Tuesday, Jan. 18
Charges were filed against Jean-Claude “Baby Doc” Duvalier and the former Haitian dictator was taken into custody at a Port-au-Prince hotel and transported to a downtown courthouse for a hearing on Tuesday. It was not immediately clear what the charges were and Duvalier was allowed to return to his hotel. A judge will have 30 days to investigate and decide whether the accusations merit moving forward with a case against Duvalier.
“Baby Doc,” the ruthless dictator Jean-Claude Duvalier, returned to Haiti on Sunday after 25 years in exile. The move was a surprise to most and remains a mystery as to why he came back — or if he should have even been allowed.
“Please keep your eye on the news of Haiti,” said our missionary, Miguel Rubén Guante. “The arrival of Duvalier in Port-au-Prince will cause a very big disturbance in Haiti. Just now I'm hearing many comments about that. Right now, when Haiti have a lot of problems, that is not the moment for Duvalier to arrive in Haiti under the purpose to help. Can we ask: how much money he sent after the earthquake? Why he don't return in January 2010? I cannot understand the game of the international community with Haiti.”
Baby Doc succeeded his father Francois “Papa Doc” Duvalier, who ruled Haiti from 1957 until his death in 1971. Baby Doc began his rule of Haiti when he was 19. He was in power for 15 years before a revolt forced him to flee the country. Duvalier is accused of killing and torturing thousands and causing hundreds of thousands to flee the country by the group Human Rights Watch. An adviser for Amnesty International also said Baby Doc should be tried for crimes against humanity.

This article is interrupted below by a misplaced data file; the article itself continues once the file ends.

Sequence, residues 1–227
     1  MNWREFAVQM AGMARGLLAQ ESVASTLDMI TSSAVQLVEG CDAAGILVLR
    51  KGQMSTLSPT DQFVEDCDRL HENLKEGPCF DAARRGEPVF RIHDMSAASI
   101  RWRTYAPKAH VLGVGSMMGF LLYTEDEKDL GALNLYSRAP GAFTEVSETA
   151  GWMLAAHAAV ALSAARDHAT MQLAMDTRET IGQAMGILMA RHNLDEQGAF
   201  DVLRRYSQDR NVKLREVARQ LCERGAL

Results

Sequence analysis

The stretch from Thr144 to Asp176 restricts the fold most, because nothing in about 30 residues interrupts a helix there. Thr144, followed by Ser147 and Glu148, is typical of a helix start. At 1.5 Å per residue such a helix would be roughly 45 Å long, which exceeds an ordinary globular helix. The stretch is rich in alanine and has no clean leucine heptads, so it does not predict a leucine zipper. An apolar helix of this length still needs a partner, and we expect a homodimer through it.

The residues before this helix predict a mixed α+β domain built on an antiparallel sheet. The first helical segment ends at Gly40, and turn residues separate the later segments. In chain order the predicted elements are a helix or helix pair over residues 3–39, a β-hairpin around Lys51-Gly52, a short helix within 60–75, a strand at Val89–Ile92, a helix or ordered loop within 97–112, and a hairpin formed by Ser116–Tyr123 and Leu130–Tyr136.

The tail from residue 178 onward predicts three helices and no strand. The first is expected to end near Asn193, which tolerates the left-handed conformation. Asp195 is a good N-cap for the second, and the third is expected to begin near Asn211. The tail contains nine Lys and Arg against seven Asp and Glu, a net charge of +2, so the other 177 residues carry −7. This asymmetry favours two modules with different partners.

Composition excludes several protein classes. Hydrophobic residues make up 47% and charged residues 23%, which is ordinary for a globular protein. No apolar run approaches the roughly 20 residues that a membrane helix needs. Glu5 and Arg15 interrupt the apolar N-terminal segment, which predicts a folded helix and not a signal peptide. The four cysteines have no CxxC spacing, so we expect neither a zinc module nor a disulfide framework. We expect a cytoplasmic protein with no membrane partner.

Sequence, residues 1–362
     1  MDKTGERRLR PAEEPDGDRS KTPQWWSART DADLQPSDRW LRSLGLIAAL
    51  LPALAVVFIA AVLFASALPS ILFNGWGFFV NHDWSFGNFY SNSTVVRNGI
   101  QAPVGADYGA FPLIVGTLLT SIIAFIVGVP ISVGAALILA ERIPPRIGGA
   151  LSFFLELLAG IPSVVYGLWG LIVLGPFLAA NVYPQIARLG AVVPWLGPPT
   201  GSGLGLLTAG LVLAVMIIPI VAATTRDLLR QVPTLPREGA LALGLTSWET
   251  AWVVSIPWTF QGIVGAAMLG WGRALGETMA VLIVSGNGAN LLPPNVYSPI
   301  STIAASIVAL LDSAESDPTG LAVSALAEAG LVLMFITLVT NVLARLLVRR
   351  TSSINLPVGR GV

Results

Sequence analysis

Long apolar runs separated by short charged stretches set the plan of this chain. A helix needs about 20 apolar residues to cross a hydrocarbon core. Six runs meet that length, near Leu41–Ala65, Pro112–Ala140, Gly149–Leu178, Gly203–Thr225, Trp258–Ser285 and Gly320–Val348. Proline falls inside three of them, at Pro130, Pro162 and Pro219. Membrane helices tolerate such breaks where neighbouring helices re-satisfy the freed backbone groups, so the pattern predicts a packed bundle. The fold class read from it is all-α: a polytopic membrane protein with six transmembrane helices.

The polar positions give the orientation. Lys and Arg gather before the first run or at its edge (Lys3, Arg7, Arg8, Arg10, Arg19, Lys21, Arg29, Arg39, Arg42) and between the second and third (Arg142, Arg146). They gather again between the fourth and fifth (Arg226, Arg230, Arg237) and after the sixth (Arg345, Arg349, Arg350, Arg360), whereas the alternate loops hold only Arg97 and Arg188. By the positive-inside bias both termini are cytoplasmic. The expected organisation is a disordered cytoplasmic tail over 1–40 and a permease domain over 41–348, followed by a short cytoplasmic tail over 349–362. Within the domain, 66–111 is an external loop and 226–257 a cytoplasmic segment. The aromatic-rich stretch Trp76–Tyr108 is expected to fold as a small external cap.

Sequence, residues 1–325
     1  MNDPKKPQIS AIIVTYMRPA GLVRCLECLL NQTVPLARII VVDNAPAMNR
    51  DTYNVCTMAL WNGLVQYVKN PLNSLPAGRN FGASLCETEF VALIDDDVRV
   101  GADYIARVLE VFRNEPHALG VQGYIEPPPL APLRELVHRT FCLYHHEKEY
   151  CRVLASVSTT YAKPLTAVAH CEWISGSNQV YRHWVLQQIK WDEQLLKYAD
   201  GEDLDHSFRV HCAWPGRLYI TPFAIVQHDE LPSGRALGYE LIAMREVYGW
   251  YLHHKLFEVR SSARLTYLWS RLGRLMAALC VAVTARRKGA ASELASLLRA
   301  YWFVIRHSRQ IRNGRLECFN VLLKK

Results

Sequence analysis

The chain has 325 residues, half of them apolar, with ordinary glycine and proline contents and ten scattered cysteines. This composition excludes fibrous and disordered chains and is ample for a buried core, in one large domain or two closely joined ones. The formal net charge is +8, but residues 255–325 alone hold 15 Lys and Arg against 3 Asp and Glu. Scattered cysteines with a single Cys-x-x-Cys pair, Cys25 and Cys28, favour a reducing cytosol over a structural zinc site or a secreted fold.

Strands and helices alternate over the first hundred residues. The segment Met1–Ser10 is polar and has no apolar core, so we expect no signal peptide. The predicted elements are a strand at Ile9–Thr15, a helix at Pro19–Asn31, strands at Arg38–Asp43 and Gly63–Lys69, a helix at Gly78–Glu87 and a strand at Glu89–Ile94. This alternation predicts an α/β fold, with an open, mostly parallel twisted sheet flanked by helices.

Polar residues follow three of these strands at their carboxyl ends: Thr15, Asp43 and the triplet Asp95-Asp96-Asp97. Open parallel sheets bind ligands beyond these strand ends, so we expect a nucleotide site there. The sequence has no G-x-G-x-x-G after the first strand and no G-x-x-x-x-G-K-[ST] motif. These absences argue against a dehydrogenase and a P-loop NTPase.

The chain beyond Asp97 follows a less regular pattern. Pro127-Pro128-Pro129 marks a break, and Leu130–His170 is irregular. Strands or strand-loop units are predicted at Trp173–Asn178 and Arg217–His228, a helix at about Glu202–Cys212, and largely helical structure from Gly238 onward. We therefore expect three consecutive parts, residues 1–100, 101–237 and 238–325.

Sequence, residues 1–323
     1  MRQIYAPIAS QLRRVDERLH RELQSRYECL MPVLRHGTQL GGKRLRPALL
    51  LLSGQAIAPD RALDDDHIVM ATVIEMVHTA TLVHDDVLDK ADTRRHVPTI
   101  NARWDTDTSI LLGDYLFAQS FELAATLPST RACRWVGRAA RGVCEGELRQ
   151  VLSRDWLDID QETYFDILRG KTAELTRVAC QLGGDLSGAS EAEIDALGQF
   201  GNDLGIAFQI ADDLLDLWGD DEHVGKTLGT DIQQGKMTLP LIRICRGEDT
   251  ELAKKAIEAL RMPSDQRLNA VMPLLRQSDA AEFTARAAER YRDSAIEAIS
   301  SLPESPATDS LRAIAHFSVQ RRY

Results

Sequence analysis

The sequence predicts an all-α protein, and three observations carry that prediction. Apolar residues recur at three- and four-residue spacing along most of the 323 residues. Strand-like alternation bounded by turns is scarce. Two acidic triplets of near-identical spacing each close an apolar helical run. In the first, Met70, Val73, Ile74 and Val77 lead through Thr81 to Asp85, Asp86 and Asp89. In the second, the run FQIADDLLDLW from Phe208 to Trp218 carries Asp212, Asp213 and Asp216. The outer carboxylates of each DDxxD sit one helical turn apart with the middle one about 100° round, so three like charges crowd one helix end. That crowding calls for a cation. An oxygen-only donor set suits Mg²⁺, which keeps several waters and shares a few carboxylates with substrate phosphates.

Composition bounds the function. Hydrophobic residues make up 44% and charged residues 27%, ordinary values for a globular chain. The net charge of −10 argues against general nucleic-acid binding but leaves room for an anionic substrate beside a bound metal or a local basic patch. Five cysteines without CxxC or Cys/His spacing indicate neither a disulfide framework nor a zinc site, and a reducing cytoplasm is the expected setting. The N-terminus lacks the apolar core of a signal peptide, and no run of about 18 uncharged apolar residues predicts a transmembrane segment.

His return comes when a presidential election between former First Lady Mirlande Manigat and pop singer Michel Martelly is pending. Manigat won a preliminary election in early December 2010 with 31.4 percent of the vote. Outgoing president Rene Preval's handpicked successor, Jude Celestin, allegedly finished second with 22.3 percent of the vote, while Martelly was third with 21.8 percent. However, a review of results by an Organization of American States monitoring states confirmed that Martelly was second with 22.2 percent to Celestin's 21.9 percent of the vote.